Making the decision to stay or go

Blue alert symbol icon — a triangle with rounded corners with an exclamation point inside

When a hurricane is approaching, will you stay in Leon County or drive miles away to another location? Evacuating to a safe shelter locally or in a neighboring county has advantages; you will avoid traffic jams and highways crowded with vehicles from other counties joining the evacuation. Even if you leave the area, the storm could shift and still put you in harm’s way. Additionally, you may need to adjust your preparedness plans based on the latest health and safety guidelines from the CDC and your local officials. The next section will guide you through the steps you should take as a storm is approaching and the choices you’ll have to make.

Photo of people filling sandbags

5-day cone actions

When the Big Bend area is in the 5-day cone, it’s time to implement your plan and preparations. A hurricane is on a probable path to reach our area in five days.

  • Review your family disaster plan.
  • Get your disaster bucket and important papers ready.
  • Begin work to prepare your home and yard.
  • If you or a family member have special needs, be sure to implement your plan and, if needed, register for a special needs shelter.

3-day cone actions

As a storm moves closer to land, the accuracy of the forecast increases, and residents should step up their preparation with the following actions:

  • Double check your disaster bucket and make necessary purchases.
  • Gather special supplies for children, seniors, and pets.
  • Be sure you have all materials and tools necessary to shutter windows.
  • If your plans are to evacuate, make arrangements, book reservations and pack what you can in your vehicle.

Hurricane Watch actions (48 hours ahead)

  • Prepare as if the storm is headed directly for your home. Be ready for a Hurricane Warning within a few hours.
  • Fill your vehicle’s gas tank.
  • Get cash and secure important papers and valuables.
  • Refill medications.
  • Fill containers and tubs with water, even if evacuating – you may need the water when you return.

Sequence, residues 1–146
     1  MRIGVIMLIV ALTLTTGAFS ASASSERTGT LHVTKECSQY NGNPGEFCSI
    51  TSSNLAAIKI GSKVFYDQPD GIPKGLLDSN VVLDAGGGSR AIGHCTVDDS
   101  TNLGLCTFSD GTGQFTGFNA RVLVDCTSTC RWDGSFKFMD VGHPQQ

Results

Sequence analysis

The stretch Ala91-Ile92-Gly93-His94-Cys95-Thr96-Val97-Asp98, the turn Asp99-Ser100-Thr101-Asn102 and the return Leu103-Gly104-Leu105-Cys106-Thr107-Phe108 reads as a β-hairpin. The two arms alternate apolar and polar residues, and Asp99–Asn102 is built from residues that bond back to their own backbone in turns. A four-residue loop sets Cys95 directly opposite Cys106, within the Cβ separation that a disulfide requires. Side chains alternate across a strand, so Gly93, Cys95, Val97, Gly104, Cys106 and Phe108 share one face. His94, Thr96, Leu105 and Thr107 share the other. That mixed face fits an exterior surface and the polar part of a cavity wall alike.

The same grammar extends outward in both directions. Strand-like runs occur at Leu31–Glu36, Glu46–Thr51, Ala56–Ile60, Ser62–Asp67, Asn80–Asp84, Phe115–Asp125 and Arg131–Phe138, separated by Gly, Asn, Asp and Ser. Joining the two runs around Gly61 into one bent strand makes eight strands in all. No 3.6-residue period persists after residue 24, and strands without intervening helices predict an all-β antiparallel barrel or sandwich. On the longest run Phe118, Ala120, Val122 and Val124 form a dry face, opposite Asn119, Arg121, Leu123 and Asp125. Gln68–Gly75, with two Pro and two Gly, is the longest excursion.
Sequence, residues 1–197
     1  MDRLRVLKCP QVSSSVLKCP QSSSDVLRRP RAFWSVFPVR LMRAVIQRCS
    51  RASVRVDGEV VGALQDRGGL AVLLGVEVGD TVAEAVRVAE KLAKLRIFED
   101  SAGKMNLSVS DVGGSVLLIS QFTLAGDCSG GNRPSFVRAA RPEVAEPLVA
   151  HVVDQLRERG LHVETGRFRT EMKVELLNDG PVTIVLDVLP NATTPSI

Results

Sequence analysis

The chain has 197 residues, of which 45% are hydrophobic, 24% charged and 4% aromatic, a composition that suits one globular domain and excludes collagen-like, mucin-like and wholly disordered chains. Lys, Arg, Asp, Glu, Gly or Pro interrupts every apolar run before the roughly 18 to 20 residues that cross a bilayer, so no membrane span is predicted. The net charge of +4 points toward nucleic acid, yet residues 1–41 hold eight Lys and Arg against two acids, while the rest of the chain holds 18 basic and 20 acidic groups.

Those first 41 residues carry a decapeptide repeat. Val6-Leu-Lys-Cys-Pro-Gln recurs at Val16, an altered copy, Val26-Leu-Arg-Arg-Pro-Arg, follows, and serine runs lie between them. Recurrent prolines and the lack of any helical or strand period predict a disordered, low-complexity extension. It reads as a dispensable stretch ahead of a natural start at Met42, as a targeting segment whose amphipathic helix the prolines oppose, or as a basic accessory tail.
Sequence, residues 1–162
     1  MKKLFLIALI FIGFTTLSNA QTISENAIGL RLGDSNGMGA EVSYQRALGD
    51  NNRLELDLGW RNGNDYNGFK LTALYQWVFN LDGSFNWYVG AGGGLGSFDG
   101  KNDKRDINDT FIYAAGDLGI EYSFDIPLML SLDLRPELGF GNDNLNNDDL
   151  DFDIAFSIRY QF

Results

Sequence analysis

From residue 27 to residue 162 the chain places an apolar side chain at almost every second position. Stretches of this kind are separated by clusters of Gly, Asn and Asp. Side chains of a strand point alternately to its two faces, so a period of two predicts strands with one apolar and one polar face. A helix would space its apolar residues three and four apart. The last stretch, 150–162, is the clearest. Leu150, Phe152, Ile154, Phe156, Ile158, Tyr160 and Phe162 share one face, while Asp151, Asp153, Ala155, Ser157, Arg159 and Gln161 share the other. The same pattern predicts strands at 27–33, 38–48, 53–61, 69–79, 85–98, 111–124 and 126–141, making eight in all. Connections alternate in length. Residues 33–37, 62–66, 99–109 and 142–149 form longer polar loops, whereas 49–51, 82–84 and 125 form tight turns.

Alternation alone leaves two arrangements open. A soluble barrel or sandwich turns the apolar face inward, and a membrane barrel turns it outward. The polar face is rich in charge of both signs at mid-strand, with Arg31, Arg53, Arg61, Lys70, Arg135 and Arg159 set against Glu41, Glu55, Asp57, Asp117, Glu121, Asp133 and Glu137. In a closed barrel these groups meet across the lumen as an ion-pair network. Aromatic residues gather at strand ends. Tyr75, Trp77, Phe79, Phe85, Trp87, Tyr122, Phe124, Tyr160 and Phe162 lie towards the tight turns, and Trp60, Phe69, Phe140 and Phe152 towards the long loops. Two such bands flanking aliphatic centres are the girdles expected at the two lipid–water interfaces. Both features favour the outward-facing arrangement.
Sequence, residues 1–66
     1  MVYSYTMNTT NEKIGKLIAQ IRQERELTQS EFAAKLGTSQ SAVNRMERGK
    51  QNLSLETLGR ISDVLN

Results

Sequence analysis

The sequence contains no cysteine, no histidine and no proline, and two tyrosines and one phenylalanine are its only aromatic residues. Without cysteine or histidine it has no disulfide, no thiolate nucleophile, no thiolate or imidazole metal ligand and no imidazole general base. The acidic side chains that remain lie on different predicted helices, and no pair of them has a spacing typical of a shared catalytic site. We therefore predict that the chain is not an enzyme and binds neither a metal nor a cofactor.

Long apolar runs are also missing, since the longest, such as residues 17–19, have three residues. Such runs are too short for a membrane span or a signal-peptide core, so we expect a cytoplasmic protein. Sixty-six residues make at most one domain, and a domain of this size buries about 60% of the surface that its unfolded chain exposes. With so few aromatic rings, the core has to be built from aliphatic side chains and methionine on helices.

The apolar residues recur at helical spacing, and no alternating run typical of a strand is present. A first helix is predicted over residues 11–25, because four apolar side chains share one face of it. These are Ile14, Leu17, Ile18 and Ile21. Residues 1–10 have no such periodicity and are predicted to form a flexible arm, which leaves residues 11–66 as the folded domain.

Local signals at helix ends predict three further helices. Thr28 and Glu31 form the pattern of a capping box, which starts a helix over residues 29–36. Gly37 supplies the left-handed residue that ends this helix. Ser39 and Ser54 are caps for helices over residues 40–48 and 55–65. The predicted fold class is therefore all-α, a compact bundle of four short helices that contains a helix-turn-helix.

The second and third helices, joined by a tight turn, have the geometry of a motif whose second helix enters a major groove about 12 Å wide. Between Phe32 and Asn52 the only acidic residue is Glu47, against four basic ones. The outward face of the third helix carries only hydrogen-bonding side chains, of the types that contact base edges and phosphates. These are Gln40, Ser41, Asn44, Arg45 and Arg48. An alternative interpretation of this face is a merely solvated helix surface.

• Secure yard equipment and furniture.
  • Shutter your windows.
  • If your plans are to evacuate the area, secure your home so you can leave as soon as an evacuation order is issued.
  • If you plan to travel or be transported to a public shelter, be sure you have everything you need in your disaster bucket.

Hurricane Warning actions (36 hours ahead)

  • Be prepared for an evacuation order to be issued.
  • Stay tuned to local news and get your weather radio ready.
  • Complete final preparations to evacuate or to shelter in your home.
  • If your plan is to travel out of the local area and you can leave at this point, go.

When a Hurricane strikes

Prepare for the storm before the arrival of tropical force winds. When hurricanes move onto land, the heavy rain, strong winds, storm surge and crashing waves can damage buildings, trees, cars and other infrastructure.

Hurricanes Have Two Main Parts:

  • The eye of the hurricane is an area of nearly calm winds in the center of the storm where the lowest pressure resides. The eye of a hurricane averages about 20 miles in diameter and often has very few clouds.
  • The second part is the wall of very tall clouds that surrounds the relatively calm eye. This region, known as the eye wall, is where the hurricane’s strongest winds and heaviest rain occur.
  • If you’re being transported to a public shelter, be ready to leave when contacted.
  • Determine if your residence is affected by the evacuation order — does it include your area, or do you live in a mobile or manufactured home?
  • If you are evacuating locally, get to your shelter location within a few hours of the order.
  • If you are traveling out of the local area, leave immediately to avoid traffic jams.
  • Be aware of your evacuation time range. Evacuations will be issued with beginning and end times.

A Category 1 hurricane like Hermine, with winds of 74 to 95 mph, can rip apart a mobile home. The National Hurricane Center reports that no mobile home or manufactured home — no matter how new it is — can be a safe shelter from hurricane force winds. Also, tornadoes can spin off from hurricanes. Straps or other tie-downs will not protect a mobile home from high winds associated with a hurricane. In 1992, 97% of all manufactured homes in Hurricane Andrew’s path in Dade County were destroyed, compared to 11% of single-family, non-manufactured homes. If a hurricane threatens Leon County, all mobile home residents should plan to evacuate to a safer location. If you must evacuate and do not have access to transportation due to age, disability, or other special needs, you should register now with Leon County Emergency Management.

  • You live in a structure that was built after 1973 when Florida adopted a standard building code.
  • You do not live in a manufactured or mobile home.
  • Your home is not vulnerable to storm surge or inland flooding.
  • You have reduced the threat of falling trees by trimming and/or removing dead, dying or diseased trees.
  • You have mitigated the effects of severe winds on your home by installing hurricane shutters on windows and bracing your garage door.